Lobbying has been a major part of what the RCLC does. Coalition leaders, including local elected officials, formerly traveled regularly to Washington to lobby for more hazardous waste clean-up money for Los Alamos National Laboratory and promote more jobs at the lab. The group also lobbied the state Legislature to pass a law to mandate that even non-profit operators of LANL must pay state gross receipts taxes.
The report concedes that the RCLC is not prohibited from lobbying. “RCLC was, however, expressly prohibited from expending Department of Energy grant funds on lobbying activities,” according to the report.
The RCLC is funded annually by about $200,000 in public funds — half from the DOE and the other half from local governments. The coalition includes Los Alamos, Rio Arriba, Santa Fe and Taos counties, the cities of Española and Santa Fe, the town of Taos, and the pueblos of Jemez and Ohkay Owingeh.
The Inspector General made recommendations to the DOE’s Environmental Management Consolidated Business Center related to recovering costs that are unallowable under the code, including expenses for the purchases of alcohol, entertainment and sporting events, and improving DOE oversight of the RCLC’s spending and activities. THe Business Center, responsible for awarding and overseeing the grants, is criticized in the report for a lack of oversight.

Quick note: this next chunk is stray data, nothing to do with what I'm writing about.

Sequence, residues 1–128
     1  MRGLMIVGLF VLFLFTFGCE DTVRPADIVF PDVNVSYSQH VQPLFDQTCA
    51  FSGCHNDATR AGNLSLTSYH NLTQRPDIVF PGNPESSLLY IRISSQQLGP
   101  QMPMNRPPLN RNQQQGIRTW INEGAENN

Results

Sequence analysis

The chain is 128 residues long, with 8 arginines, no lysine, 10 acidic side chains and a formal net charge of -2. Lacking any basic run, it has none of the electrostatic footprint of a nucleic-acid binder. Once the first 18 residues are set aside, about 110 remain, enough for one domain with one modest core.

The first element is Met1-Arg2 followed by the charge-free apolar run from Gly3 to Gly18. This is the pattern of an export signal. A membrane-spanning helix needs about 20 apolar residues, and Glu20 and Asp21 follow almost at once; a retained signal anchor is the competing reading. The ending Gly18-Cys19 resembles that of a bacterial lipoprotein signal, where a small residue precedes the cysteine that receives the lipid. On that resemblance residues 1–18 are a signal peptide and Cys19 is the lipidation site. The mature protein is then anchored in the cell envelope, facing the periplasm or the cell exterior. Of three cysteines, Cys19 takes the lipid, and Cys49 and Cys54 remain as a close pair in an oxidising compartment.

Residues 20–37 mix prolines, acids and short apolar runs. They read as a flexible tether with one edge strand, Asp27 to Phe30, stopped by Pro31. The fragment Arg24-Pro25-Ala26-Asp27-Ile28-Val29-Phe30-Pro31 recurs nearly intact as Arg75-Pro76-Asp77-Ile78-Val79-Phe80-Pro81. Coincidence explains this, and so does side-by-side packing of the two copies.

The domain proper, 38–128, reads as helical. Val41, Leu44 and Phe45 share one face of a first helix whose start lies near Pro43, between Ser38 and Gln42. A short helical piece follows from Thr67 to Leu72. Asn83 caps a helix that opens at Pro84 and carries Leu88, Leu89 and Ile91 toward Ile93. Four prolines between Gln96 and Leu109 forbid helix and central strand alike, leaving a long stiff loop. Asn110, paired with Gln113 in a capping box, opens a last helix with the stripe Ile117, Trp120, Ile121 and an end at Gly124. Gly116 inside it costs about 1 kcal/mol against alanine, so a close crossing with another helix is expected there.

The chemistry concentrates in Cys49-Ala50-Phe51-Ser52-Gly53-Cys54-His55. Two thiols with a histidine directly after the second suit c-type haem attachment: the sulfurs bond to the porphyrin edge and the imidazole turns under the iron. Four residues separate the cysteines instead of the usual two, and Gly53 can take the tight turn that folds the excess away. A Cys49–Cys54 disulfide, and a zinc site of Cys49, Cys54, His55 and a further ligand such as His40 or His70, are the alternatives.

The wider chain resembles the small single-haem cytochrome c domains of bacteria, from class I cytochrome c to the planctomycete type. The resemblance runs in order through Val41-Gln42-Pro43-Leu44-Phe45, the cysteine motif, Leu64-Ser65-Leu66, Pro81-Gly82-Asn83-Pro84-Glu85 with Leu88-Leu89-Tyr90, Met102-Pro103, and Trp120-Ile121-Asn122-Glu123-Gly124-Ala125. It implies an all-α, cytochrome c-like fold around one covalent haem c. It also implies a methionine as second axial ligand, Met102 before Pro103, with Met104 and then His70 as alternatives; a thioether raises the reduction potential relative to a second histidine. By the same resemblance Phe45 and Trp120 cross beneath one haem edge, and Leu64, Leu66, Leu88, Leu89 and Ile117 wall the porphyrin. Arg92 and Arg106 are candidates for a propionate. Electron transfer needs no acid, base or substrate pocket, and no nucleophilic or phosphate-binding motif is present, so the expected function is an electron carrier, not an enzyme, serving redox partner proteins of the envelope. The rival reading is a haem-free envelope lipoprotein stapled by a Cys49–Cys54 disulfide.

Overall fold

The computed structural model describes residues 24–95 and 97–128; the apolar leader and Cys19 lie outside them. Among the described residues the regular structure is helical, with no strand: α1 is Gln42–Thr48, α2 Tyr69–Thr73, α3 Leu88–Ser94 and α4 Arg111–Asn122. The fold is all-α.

The DOE investigation came in the wake of an audit commissioned by Los Alamos County and a subsequent special audit by the State Auditor’s Office released last year that identified 18 negative findings, including potential non-compliance with a DOE grant “specifically with regard to explicitly prohibited lobbying.”
The Regional Coalition’s comment on the IG’s report maintained it is the “voice” of local communities in regards to Los Alamos National Laboratory.
“There are benefits and challenges to hosting a DOE facility,” the coalition said. “Because the lab is part of our community, it is vital that our local leaders are a part of the conversation. For too long our communities have been impacted by decisions from the federal and the state governments with no participation at the local level. We need a voice. We need a seat at the table. The RCLC is our voice.”
Critics of the coalition have argued it does little that the state’s congressional delegation doesn’t do in terms of seeking clean-up funding for the lab and that it has never served as a critical watchdog on lab activities.
“The Regional Coalition is not the effective lobbying voice for clean up at Los Alamos that it claims to be because it condones DOE’s plan for cleanup on the cheap that will leave the vast majority of radioactive and toxic wastes permanently buried above our groundwater,” Jay Coghlan of Nuclear Watch New Mexico said in a statement Wednesday.
“The Coalition should pay the American taxpayer back whatever it improperly spent and be terminated. At a minimum, the City of Santa Fe should resign from this discredited Coalition right away.”